In conclusion, we have shown that the immunophenotype of rat ICTs illustrates important similarities and differences to human ICTs. As in humans, a majority of rat ICTs in this study expressed insulin, and were thus characterized as insulinomas. On the other hand, gastrinomas were not observed, and other peptide hormones (glucagon, somatostatin) were not significantly expressed in most of these proliferative lesions. Of particular interest is the potential role of CDK4, PCNA, and β-catenin in human and rat ICTs; while a shared mechanism of tumorigenesis may be present, further studies are necessary to elucidate the role of these mediators in the pathogenesis of islet cell tumors.

Acknowledgments

We wish to thank Ms. Natasha Clayton and Ms. Kimwa Walker of the NIEHS Immunohistochemistry Pathology Support Group for their training and assistance with the immunohistochemical aspects of this study. We also wish to acknowledge the technical expertise of Mr. William Cunningham of the NIEHS Histology Core Laboratory for his assistance in obtaining the highest number of tissue sections possible for these generally small islet cell lesions.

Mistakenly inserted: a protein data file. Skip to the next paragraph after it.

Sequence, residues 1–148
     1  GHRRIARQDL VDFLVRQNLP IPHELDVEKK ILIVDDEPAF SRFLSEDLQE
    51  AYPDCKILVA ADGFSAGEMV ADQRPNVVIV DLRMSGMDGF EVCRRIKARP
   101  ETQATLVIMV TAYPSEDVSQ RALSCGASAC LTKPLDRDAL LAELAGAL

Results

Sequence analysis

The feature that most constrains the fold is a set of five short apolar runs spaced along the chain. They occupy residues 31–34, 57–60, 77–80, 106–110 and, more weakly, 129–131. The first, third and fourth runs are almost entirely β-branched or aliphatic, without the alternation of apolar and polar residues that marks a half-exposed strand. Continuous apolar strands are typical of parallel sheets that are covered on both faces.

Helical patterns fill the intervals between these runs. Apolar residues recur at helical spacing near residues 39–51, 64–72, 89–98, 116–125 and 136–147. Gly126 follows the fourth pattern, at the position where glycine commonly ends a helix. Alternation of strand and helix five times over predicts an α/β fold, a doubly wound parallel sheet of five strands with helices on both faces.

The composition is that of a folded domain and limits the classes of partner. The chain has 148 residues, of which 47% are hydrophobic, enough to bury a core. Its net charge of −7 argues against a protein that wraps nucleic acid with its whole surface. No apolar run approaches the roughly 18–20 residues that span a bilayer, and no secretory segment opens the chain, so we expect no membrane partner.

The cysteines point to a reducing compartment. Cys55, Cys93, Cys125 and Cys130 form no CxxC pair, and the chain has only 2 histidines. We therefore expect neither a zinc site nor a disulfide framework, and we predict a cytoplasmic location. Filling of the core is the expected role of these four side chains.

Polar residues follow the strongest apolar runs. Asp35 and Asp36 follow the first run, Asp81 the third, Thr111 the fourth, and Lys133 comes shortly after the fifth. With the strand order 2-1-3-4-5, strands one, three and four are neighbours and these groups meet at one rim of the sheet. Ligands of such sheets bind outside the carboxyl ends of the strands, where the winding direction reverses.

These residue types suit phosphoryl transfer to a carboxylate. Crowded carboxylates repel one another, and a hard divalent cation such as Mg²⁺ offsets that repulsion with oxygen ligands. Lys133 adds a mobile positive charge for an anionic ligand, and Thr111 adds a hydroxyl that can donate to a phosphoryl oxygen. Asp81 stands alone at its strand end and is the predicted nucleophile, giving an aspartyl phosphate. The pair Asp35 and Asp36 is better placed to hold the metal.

This article may be the work product of an employee or group of employees of the National Institute of Environmental Health Sciences (NIEHS), National Institutes of Health (NIH), however, the statements, opinions or conclusions contained therein do not necessarily represent the statements, opinions or conclusions of NIEHS, NIH or the United States government.

Abbreviations

BCAA
bromochloroacetic acid
CDK4
cyclin-dependent kinase 4
CMYC
c-myelocytomatosis oncogene
F344
Fisher 344
H&E
hematoxylin and eosin
ICT
islet cell tumor
MBT
methylene blue trihydrate
NTP
National Toxicology Program
PCNA
proliferating cell nuclear antigen
PNET
pancreatic neuroendocrine tumor
TBS
tris-buffered saline